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Thread: Recover broken LVM system

  1. #1
    Join Date
    Aug 2019
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    Recover broken LVM system

    (First post, kinda noob, Pls help )
    So I have a rather clunky dual boot between a windows 10 partition and Kubuntu (Ubuntu 19.04 \n \1)) in an LVM, and messed up.
    Wanted to allocate some more space to my swap partition, for that I had to shrink the main one, so I ran this command: sudolvresize -L -10GB /dev/mapper/vg0-ext4/ , it gave me a warning of potential data loss, but I had a lot of free space and timeshift backups so I ignored it, NOT GOOD, rebooted right after and the worst happened, was met with the GNU Grub (Version 2.02) Terminal.
    (After a lot of research), I can use ls (lvm/vg0-ext4)/ command to view things inside my root folder (including the timeshift folder!), but when I try to boot into it manually, after raining some lines in the terminal I'm met with another "ubuntu terminal" and I'm stuck.
    So I made a live USB stick and booted into that, installed timeshift but I can't mount my vg0-ext4 logical volume, gives me the error:
    Code:
    mount: /mnt: wrong fs type, bad option, bad superblock on /dev/mapper/vg0-ext4, missing codepage or helper program, or other error.
    , so timeshift can't restore it!

    What should I do?

    Some more information:
    If I run, from the live stick, sudo fsck dev/mapper/vg0-ext4, gives me this error:
    Code:
    Error writing block 132128812 (Invalid argument).  Ignore error<y>? yes
    Error writing block 132120608 (Invalid argument).  Ignore error<y>? yes
    Error writing block 131606831 (Invalid argument).  Ignore error<y>? cancelled!
    Error writing block 131608458 (Invalid argument).  Ignore error<y>? cancelled!
    Error writing block 131608240 (Invalid argument).  Ignore error<y>? cancelled!
    (...) and goes on like that

    The output of sudofdisk -l:
    Code:
    Disk /dev/loop0: 1.9 GiB, 1987817472 bytes, 3882456 sectors
    
    Units: sectors of 1 * 512 = 512 bytes
    Sector size (logical/physical): 512 bytes / 512 bytes
    
    I/O size (minimum/optimal): 512 bytes / 512 bytes
    
    
    
    Disk /dev/loop1: 88.5 MiB, 92778496 bytes, 181208 sectors
    
    Units: sectors of 1 * 512 = 512 bytes
    
    Sector size (logical/physical): 512 bytes / 512 bytes
    I/O size (minimum/optimal): 512 bytes / 512 bytes
    
    
    
    Disk /dev/loop2: 54.4 MiB, 57069568 bytes, 111464 sectors
    
    Units: sectors of 1 * 512 = 512 bytes
    
    Sector size (logical/physical): 512 bytes / 512 bytes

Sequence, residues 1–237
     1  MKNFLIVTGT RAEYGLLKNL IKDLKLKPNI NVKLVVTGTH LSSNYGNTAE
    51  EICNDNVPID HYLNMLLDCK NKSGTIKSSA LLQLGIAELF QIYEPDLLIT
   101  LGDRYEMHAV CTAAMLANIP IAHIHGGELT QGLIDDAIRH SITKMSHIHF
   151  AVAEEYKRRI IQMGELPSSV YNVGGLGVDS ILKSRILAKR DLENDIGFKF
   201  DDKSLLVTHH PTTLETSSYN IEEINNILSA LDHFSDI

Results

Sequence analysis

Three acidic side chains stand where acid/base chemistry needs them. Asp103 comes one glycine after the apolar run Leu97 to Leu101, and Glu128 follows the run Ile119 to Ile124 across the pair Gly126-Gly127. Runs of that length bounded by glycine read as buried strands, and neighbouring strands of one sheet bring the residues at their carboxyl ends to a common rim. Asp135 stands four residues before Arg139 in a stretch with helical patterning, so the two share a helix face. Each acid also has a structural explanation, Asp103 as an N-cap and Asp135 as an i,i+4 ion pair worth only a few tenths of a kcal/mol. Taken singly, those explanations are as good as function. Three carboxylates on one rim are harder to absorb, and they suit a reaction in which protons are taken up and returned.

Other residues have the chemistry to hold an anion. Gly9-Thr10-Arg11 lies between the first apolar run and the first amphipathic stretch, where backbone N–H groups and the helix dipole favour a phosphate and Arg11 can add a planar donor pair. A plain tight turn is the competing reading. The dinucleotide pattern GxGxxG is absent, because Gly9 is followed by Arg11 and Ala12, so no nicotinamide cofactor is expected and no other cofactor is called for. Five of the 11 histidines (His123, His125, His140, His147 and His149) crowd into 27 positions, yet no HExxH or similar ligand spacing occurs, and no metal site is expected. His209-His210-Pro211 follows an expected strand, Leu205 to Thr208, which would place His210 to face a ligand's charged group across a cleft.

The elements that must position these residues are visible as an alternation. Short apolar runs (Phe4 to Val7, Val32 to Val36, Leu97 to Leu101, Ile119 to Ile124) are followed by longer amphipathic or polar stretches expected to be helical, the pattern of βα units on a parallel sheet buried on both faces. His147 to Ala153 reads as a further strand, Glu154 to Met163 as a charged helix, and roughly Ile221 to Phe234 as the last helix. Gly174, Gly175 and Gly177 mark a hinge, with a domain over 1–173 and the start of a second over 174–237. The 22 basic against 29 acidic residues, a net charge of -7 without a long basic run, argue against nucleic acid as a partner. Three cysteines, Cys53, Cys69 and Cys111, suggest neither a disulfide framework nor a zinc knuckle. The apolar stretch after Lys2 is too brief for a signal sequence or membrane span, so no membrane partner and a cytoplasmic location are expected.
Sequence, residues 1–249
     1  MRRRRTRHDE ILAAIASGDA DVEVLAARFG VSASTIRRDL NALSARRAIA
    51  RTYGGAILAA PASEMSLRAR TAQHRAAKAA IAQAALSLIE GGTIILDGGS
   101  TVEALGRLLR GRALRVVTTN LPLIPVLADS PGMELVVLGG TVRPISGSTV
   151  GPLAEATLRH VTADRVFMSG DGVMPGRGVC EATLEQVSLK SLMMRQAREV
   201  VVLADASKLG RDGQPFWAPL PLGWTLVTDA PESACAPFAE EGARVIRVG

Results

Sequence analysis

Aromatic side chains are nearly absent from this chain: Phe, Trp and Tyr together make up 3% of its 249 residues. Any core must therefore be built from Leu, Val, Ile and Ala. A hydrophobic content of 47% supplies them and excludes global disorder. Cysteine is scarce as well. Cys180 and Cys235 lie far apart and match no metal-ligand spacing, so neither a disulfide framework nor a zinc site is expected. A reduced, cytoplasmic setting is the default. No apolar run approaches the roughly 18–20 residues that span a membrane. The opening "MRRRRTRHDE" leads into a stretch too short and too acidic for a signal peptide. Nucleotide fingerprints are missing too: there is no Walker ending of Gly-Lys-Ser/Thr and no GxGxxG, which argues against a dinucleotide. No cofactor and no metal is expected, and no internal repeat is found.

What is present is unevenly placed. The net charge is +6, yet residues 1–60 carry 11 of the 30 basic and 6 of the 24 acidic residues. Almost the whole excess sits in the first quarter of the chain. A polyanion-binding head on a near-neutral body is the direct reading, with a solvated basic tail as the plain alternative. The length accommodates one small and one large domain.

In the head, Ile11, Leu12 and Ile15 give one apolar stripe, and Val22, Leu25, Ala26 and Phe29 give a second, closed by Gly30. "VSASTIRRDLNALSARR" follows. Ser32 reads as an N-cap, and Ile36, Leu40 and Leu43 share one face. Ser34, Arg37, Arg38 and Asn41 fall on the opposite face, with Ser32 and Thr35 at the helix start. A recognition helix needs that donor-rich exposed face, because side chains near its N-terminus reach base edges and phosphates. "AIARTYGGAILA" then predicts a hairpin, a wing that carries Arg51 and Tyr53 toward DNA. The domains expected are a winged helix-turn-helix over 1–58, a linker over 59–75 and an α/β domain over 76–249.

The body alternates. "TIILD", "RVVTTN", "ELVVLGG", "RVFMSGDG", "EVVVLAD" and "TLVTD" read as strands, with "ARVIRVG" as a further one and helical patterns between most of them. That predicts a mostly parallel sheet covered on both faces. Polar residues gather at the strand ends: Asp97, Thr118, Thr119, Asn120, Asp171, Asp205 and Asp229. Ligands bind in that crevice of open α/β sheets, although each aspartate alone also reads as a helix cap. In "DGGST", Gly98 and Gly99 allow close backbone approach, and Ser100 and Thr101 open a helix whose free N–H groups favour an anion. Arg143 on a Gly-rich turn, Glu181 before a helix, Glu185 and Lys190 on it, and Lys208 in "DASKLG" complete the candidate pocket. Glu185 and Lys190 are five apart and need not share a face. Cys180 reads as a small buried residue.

I/O size (minimum/optimal): 512 bytes / 512 bytes
    
    
    Disk /dev/loop3: 42.8 MiB, 44879872 bytes, 87656 sectors
    Units: sectors of 1 * 512 = 512 bytes
    Sector size (logical/physical): 512 bytes / 512 bytes
    I/O size (minimum/optimal): 512 bytes / 512 bytes
    
    
    Disk /dev/loop4: 149.9 MiB, 157184000 bytes, 307000 sectors
    Units: sectors of 1 * 512 = 512 bytes
    
    Sector size (logical/physical): 512 bytes / 512 bytes
    I/O size (minimum/optimal): 512 bytes / 512 bytes
    
    
    
    Disk /dev/loop5: 4 MiB, 4218880 bytes, 8240 sectors
    Units: sectors of 1 * 512 = 512 bytes
    Sector size (logical/physical): 512 bytes / 512 bytes
    
    I/O size (minimum/optimal): 512 bytes / 512 bytes
    
    
    Disk /dev/loop6: 14.8 MiB, 15462400 bytes, 30200 sectors
    Units: sectors of 1 * 512 = 512 bytes
    Sector size (logical/physical): 512 bytes / 512 bytes
    I/O size (minimum/optimal): 512 bytes / 512 bytes
    
    
    
    Disk /dev/loop7: 1008 KiB, 1032192 bytes, 2016 sectors
    
    Units: sectors of 1 * 512 = 512 bytes
    Sector size (logical/physical): 512 bytes / 512 bytes
    
    I/O size (minimum/optimal): 512 bytes / 512 bytes
    
    
    Disk /dev/sdb: 149.1 GiB, 160041885696 bytes, 312581808 sectors
    Units: sectors of 1 * 512 = 512 bytes
    Sector size (logical/physical): 512 bytes / 512 bytes
    I/O size (minimum/optimal): 512 bytes / 512 bytes
    Disklabel type: dos
    Disk identifier: 0xde324ff1
    
    Device     Boot Start       End   Sectors  Size Id Type
    /dev/sdb1        1985 312575999 312574015  149G  f W95 Ext'd (LBA)
    /dev/sdb5        2048 312575999 312573952  149G  7 HPFS/NTFS/exFAT
    
    
    Disk /dev/sda: 931.5 GiB, 1000204886016 bytes, 1953525168 sectors
    Units: sectors of 1 * 512 = 512 bytes
    Sector size (logical/physical): 512 bytes / 512 bytes
    I/O size (minimum/optimal): 512 bytes / 512 bytes
    Disklabel type: dos
    Disk identifier: 0xdcc90a50
    
    Device     Boot     Start        End    Sectors  Size Id Type
    /dev/sda1  *         2048    1026047    1024000  500M  7 HPFS/NTFS/exFAT
    /dev/sda2         1026048  829401087  828375040  395G  7 HPFS/NTFS/exFAT
    /dev/sda3       829401088  860858367   31457280   15G 83 Linux
    /dev/sda4       860858368 1953523711 1092665344  521G  7 HPFS/NTFS/exFAT
    
    
    Disk /dev/sdc: 29.3 GiB, 31457280000 bytes, 61440000 sectors